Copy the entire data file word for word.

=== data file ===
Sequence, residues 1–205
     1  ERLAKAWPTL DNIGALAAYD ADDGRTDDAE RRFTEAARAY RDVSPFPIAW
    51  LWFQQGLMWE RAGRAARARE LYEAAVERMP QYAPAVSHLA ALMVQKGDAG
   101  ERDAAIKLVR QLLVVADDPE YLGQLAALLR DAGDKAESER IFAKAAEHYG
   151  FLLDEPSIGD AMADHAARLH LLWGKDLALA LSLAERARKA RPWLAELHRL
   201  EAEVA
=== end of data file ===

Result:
Sequence, residues 1–205
     1  ERLAKAWPTL DNIGALAAYD ADDGRTDDAE RRFTEAARAY RDVSPFPIAW
    51  LWFQQGLMWE RAGRAARARE LYEAAVERMP QYAPAVSHLA ALMVQKGDAG
   101  ERDAAIKLVR QLLVVADDPE YLGQLAALLR DAGDKAESER IFAKAAEHYG
   151  FLLDEPSIGD AMADHAARLH LLWGKDLALA LSLAERARKA RPWLAELHRL
   201  EAEVA